T Nation

Length and Volume of workouts

I have been lifting for 6 months and lost 20 lbs so far…I am 6’1 and 250 and currently I have been concerned with my workouts lasting for 1.5 to 2 hours. I lift 4 days a week and do 30 min cardio after each lifting session, so I spend like 3 hours in the gym. During the workout I do a split session, Mon - chest + calves + abs (7 exercises; 28 sets); Tue - Legs(8 exercises; 22 sets); Thurs - Back + Shoulders(10 exercises; 29 sets); Fri - Bi’s + Tri’s(7 exercises; 26 sets). Reps average about 8-15 and tempo is 20X0 and I use extremely strict form, and try not to cheat. My questions are: Am I doing too many sets? Should I cut my workout down to under 1 hour? I read somewhere the T levels drop when you workout longer than 1 hour. Also, I change my workout every 4 weeks, get plenty protein, eat about 3000 cal a day, and take a variety of multivitamins, glutamine, and creatine. My current lifts are: Bench-185x12; Squat-315x10; Curls-95x10; I still need to lose a lot of weight, so I plan on going on to the anabolic diet-cutting phase as soon as I get back to college in the fall. Does anybody see a problem with my workout? Comments and sugestions are welcome. Thank You.

I would say you’re doing far too many sets for your level of training. A beginner 6 months into training does not need to be doing 8 exercises for legs. As a recommendation I would say for your larger muscle groups legs, chest, and back, cut your sets down to 10 or 12. For your smaller muscle groups cut the sets down to around 6. This will give you about a 25-30% reduction in volume I believe. Superset things whenever you can so you can finish quicker. On chest day you could superset calves and abs. On leg day superset quads and hams…Then you can superset back and shoulders as well as bi’s and tris. Training in this manner you can go basically non-stop and still be able to lift a heavy weight. The cardio done after the workout is very catabolic on your muscle.
If you must do it then at least make sure you sip on a protein/carb drink while you’re doing your cardio.

Holy shit!! I don’t mean to sound like Mike Mentzer but you are most likely habitually, chronically, and grossly overtrained. You’ve dug such a deep hole into your recovery ability that you need a minimum of 10 days of rest with no workouts. Unless you just finished a couple months of Heavy Duty training and you’re switching to something like GVT (excluding calves) there is never any reason why a work out should have more than 12 working sets. That’s 12 sets total not 12 per muscle group. If you’re not using roids or supplements you most likely need even less exercise. A bodybuilding workout is not an endurance contest.

The thing is I feel fine…i have tried to cut my sets down but I dont feel the second day soreness like I do with the number of sets high(25-30). Is it normal to not feel sore? I always give it my all. Will I get better results with less sets(10-12) per workout?

No one knows much about muscle soreness other than it hurts. Do you go to the gym to develop larger and stronger muscles, or to get sore? If your answer is larger and stronger muscles reduce your volume down to 7-12 sets per work out.

I don’t goto the gym to get sore I go to get large and powerful. I always heard that if you are sore the muscles are repairing themselves…so isn’t soreness an indicator that you are creating larger and stronger muscles? Is this statement correct? I am getting more confused… I was always told to change my workouts every 4 weeks to shock the muscles and you can indicate the shock worked is by being sore after every workout. So I correlate sore with growing larger…am I wrong to assume this? Can someone explain this for me? Thanks.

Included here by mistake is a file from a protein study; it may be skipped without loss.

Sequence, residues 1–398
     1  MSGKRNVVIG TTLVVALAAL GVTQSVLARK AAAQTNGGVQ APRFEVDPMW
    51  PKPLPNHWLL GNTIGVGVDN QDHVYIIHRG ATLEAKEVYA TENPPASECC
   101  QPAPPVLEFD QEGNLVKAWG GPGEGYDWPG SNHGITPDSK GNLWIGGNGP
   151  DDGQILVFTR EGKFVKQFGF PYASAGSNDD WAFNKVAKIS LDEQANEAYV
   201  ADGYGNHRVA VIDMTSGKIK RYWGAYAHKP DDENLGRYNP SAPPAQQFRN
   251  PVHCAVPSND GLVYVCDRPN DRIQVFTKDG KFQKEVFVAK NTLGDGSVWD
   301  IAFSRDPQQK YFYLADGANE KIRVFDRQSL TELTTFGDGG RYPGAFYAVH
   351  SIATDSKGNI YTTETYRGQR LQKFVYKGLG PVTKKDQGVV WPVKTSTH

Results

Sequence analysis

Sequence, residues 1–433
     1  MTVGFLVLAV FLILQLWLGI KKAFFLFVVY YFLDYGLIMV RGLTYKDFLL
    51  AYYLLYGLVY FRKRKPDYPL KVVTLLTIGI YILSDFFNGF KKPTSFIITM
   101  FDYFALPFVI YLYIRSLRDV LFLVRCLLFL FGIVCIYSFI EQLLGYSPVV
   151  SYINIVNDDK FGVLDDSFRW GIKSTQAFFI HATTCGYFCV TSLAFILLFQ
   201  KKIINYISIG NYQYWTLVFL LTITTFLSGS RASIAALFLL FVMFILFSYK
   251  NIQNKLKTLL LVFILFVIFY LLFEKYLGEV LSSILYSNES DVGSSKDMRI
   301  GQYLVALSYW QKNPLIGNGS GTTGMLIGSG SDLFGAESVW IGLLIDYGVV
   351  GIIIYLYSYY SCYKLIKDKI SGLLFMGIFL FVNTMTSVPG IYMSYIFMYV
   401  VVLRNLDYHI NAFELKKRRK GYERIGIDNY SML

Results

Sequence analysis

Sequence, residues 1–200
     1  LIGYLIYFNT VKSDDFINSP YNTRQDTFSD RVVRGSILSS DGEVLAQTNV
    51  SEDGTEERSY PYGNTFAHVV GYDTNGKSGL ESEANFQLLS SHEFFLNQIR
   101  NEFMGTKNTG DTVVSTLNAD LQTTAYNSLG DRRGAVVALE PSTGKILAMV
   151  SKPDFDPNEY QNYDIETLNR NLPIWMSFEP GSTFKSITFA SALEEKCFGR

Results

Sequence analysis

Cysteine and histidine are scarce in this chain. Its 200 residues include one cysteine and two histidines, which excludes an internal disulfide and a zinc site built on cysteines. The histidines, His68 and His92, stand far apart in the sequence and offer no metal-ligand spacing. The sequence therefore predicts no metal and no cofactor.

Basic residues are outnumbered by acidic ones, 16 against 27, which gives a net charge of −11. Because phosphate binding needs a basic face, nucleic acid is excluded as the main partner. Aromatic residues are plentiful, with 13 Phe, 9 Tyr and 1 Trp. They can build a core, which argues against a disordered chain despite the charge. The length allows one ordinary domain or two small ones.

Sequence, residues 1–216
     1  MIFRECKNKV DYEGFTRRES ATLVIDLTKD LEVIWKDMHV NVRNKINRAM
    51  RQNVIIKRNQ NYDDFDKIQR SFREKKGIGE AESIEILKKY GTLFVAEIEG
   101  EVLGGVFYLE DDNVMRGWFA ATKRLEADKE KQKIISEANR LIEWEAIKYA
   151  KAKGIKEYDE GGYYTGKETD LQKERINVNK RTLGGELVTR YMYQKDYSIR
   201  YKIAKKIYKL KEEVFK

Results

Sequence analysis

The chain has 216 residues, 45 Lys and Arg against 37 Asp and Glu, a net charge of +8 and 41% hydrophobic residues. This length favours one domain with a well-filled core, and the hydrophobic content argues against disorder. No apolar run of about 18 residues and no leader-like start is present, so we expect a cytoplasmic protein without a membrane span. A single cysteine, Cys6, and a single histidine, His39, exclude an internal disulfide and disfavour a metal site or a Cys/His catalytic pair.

BaWL: jesse’s right. man. No one knows what soreness really is or what it means vis-a-vis recovery. Muscles repair themselves whether you get sore or not. Poliquin recommends taking Vitamin C for increased recovery AND less soreness after workouts. My own experience backs this up. So where does that fit in with what you heard? I know it sounds counter-intuitive, especially if you’re young, but less can definitely be more. Try it and see.

First, congradulations on losing that 20lbs. I agree that you should try lowering your volume. You’ll be amazed at what you can achieve with shorter, high intensity workouts. Check out the t-mag archieves. You’ll find several quality workouts and guidelines there. However, I can’t stress enough that you have to do what works best for you. No matter what the “experts” say, it all comes down to what gives you the best results. Good luck.

Being able to train this heavily for this long duration of time shows that you’ve got what it takes to suceed.
But do you need to spend so much time to get the results?
Well, being a bit overweight surely HELPS when you are training for so long, I know it did that for me.
But, what’s more important than reducing sets is to make sure your muscle groups will have enough time to recover after your training session.
Basicly, you could get away with training your whole body and focusing especially on the chest, as long as you remember to give your chest 4-5 days off and the other body parts 2-3 days minimum.
Ofcourse, there do exist people that recover very fuc*in’ quickly, and you might be one of them.
I agree with supersetting, it’s a method that basicly increases your training time usage, but it’s subject to the laws of periodic training like everything else.
But if you wake up in the middle of the night, all warm and strange, change your training, reduce the number of sets you are doing, focus more on the negative, and do the aerobics BEFORE your workout, because if you are really exorting yourself with the weights, it’s mighty important to be able to relax as quickly as you can afterwards and eat something.
And if you dont do your stretches, you’ll soon get into big trouble.